13-year-old Robert Mueller (Mark Bruner) hasn't been the same since losing his beloved, bridge-designer father in a car crash. His mother, Elaine (Diane Baker), was driving at the time and caused the accident that cost her husband his life. She has since moved on and remarried nice guy history teacher / writer Paul Hamilton (Ed Nelson). While their marriage works out fine whenever Robert's away at military boarding school, everything's far from rosy during the time's he is home. Now with Christmas right around the corner, guess who's coming back for a long visit? Robert isn't looking forward to it. Neither is Paul, who has thus far failed to establish any connection with the child despite putting in some effort. Since his neglectful parents are too busy to look after him, Robert's dorm mate Stuart Parker (Christopher Shea) accompanies him home.

After showing Stu many of his late father's belongings and photos, Robert confides that he considers his stepfather to be a "bug" and "something to be gotten rid of eventually... when he gets too annoying." Robert uses physical violence and threats (like carving an "L" into his forehead for "liar") to keep his "best friend" in line, plus makes him take part in a blood ritual where they burn a mixture of their hair and blood to solidify their loyalty to one another. Robert has developed a similar dynamic with their Mexican housekeeper, Laura (Katy Jurado). Since the father (who appears to have been a complete p.o.s.) also distrusted Laura, naturally so does Robert. Unbeknownst to Elaine, her son has already threatened to stab Laura to death if she says anything bad about either him or his father.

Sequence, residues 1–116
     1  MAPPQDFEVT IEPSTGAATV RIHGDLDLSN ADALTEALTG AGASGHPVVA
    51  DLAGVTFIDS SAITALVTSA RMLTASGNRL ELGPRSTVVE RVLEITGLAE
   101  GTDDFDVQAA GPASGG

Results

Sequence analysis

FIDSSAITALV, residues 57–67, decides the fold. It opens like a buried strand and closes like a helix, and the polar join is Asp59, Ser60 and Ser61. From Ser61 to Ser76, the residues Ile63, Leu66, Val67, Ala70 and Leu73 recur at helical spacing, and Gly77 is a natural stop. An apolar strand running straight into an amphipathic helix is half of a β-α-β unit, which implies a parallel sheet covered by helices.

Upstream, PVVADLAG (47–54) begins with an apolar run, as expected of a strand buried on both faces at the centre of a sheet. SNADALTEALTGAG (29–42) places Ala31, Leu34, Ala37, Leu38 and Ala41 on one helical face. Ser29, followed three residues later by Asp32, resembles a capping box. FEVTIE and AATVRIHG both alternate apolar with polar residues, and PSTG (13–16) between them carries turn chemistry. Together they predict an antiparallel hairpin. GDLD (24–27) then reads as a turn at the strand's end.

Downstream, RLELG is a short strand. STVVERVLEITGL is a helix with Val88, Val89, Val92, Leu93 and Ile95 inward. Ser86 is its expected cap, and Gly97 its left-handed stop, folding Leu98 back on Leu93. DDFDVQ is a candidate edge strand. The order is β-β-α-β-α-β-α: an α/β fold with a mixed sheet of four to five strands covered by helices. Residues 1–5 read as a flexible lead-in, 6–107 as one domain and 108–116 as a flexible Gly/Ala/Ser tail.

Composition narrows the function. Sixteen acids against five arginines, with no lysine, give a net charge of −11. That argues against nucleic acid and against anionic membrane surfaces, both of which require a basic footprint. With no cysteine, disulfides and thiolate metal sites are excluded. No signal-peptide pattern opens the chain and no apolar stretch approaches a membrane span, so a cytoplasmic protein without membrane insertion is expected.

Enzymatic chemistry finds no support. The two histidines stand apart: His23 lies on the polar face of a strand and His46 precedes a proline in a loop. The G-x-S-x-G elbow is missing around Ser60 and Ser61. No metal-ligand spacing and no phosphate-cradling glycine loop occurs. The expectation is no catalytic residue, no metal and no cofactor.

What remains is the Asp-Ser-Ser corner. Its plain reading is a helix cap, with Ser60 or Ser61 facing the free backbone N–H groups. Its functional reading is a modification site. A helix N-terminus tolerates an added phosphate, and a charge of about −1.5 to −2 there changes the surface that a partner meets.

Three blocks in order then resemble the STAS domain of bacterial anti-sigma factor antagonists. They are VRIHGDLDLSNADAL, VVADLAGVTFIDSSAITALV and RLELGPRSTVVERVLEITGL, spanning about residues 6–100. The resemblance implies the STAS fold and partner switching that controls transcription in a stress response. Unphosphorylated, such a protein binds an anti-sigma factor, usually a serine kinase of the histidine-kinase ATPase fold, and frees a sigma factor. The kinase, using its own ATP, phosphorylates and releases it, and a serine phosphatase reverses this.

Elaine is that well-meaning though incompetent parent who inadvertently does more harm than good by constantly shielding her child and making any and every excuse under the sun to excuse their bad behavior. She refuses to send Robert to see a psychiatrist, downplays his obvious mental issues as him just being "difficult," claims his poor treatment of his friend is due to the fact he's so smart and smart people tend to be bossy and believes all her son really needs is a good male role model around to change his ways. Because his father was an avid hunter and gun collector, Robert has become a weird extreme gun fetishist himself. Elaine even encourages Paul to kiss up to her son by buying him a rifle for Christmas at one point! Interesting to note that the whole gun-loving-child aspect was treated as a major warning sign and cause for concern back in 1971. Jump ahead to today and it's fairly common for U.S. politicians and evangelicals to pose for holiday cards with an infant in one hand and a semi-automatic in the other, or just hand guns off to their toddlers and young children for photo ops. Just as Jesus would have done!